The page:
This information is for the 2012/13 session.
Professor Neil Duxbury, NAB 6.10
This is an optional course for LLB Part I and II students, and compulsory for BA Anthropology and Law 2nd or 3rd year students requiring exemption from the Law Society's Part I exam. It is also available as an outside option and to General Course students.
Students must have completed Property I (LL105)
Property II examines principles of Land Law and the Law of Trusts. Land Law is taught in the first term and Trusts in the second term.
The Land Law component of Property II is designed to introduce students to the fundamental principles of the law of real property (i.e. land). The course examines the general principles governing the ownership and occupation of land, including concepts of estates and interests, legal and equitable ownership (trusts of land, including co-ownership and modes of transfer) and title registration. It also considers the law governing specific third party interests - licences, proprietary estoppel, easements, covenants and mortgages.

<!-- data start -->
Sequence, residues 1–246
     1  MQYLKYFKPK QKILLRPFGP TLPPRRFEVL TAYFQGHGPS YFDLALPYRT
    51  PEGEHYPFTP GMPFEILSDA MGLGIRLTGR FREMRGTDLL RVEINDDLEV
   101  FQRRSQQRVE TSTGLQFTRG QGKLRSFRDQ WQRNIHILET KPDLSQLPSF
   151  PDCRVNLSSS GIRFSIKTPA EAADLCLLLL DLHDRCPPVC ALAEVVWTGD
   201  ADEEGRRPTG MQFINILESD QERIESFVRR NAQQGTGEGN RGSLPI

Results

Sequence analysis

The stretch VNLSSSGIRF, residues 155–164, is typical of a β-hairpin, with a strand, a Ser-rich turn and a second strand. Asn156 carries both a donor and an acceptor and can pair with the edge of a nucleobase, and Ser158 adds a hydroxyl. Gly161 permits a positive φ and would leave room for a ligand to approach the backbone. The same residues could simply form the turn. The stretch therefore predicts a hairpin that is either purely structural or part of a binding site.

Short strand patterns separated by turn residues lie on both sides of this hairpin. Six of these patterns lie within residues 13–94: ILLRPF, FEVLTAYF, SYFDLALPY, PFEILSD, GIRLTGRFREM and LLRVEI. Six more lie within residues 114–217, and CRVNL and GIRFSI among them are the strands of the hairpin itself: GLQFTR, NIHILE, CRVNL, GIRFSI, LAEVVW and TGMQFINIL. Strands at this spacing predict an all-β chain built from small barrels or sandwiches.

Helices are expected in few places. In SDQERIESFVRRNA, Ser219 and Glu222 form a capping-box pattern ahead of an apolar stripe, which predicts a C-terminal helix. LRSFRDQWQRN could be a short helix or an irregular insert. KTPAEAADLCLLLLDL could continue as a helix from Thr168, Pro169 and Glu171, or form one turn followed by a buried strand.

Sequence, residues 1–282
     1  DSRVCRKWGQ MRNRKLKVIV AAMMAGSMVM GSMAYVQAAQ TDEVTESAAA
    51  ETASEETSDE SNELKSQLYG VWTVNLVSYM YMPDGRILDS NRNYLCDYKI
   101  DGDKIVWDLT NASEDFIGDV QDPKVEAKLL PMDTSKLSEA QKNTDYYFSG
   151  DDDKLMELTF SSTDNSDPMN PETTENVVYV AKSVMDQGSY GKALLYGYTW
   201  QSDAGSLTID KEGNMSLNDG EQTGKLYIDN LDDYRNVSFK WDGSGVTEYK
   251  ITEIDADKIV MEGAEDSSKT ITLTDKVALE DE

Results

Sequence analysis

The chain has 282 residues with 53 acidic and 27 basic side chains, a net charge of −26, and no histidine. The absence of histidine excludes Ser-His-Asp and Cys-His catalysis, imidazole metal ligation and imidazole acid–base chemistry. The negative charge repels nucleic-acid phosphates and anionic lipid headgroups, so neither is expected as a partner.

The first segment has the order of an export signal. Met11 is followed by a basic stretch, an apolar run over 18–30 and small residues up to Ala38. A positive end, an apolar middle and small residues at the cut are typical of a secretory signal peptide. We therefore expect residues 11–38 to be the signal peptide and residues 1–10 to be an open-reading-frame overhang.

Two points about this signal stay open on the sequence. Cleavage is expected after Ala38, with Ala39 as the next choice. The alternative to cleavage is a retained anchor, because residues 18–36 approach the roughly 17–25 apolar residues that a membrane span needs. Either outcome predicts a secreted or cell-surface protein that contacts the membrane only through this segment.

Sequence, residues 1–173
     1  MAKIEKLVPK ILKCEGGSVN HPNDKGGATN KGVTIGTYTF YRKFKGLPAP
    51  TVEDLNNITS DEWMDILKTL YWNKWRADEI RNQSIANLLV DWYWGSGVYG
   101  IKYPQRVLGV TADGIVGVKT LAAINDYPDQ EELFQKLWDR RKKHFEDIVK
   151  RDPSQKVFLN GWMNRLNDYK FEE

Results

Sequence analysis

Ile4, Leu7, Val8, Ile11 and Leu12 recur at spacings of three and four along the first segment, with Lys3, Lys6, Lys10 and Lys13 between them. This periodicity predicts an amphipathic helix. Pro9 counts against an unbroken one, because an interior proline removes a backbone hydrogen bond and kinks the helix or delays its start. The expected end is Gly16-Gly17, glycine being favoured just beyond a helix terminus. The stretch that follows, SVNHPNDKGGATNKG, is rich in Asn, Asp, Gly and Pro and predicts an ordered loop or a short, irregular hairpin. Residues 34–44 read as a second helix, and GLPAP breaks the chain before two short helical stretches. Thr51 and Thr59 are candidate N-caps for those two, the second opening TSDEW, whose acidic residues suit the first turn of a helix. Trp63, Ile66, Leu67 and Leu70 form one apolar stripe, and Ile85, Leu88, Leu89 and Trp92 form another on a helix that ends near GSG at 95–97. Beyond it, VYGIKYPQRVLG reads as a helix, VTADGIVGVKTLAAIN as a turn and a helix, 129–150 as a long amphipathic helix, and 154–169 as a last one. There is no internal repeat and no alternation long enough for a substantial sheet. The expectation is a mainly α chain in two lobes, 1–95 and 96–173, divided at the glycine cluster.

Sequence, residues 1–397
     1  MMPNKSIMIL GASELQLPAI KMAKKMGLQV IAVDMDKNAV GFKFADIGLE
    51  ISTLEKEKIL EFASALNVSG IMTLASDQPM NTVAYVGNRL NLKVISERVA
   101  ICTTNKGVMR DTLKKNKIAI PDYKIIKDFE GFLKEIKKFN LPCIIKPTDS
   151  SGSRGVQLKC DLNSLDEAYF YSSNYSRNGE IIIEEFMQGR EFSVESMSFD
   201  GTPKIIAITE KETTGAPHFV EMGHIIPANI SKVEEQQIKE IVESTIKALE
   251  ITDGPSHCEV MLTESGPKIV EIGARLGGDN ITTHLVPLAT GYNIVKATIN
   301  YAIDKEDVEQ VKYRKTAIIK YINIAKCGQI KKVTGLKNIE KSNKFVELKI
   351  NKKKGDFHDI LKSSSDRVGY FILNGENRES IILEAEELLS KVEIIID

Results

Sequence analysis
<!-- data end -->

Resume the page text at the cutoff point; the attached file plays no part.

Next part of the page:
The Trusts component of the course focuses on general principles of trusts law and examines the circumstances in which trusts arise, the obligations of trustees, and the remedies available to beneficiaries when these obligations are breached. It also considers the nature and classification of trusts, including the applications and classifications of resulting and constructive trusts, and how the law of trusts relates to and impacts on the law of contract, wrongs and unjust enrichment.
Teaching arrangements for both the Land Law and Trusts components of Property II are two hours of lectures and a one-hour class each week.
Advice on reading, including textbook recommendations, will be provided and the beginning of the first and second terms. An essay which students might valuably read before the commencement of the course is Peter Birks, 'Before We Begin: Five Keys to Land Law', in Land Law: Themes and Perspectives, ed. S. Bright & J. Dewar (OUP, 1998), 457-86.
Property II is assessed by a three-hour examination. Students are required to answer questions on both the Land Law and Trusts components of Property II.